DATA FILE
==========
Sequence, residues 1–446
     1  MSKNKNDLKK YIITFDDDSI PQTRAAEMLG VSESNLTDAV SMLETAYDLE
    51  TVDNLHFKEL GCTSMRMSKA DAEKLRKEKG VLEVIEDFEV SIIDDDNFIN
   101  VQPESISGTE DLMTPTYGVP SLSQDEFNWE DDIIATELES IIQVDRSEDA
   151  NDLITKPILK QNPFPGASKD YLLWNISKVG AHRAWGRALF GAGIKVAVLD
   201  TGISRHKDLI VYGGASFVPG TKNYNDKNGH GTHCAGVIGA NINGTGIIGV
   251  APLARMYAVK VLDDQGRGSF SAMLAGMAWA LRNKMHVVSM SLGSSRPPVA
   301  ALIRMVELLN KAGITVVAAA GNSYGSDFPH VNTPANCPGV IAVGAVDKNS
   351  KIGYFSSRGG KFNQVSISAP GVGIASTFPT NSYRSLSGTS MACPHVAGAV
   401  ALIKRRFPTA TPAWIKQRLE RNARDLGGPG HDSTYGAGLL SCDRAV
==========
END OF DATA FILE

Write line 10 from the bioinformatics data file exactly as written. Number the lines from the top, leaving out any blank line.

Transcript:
   401  ALIKRRFPTA TPAWIKQRLE RNARDLGGPG HDSTYGAGLL SCDRAV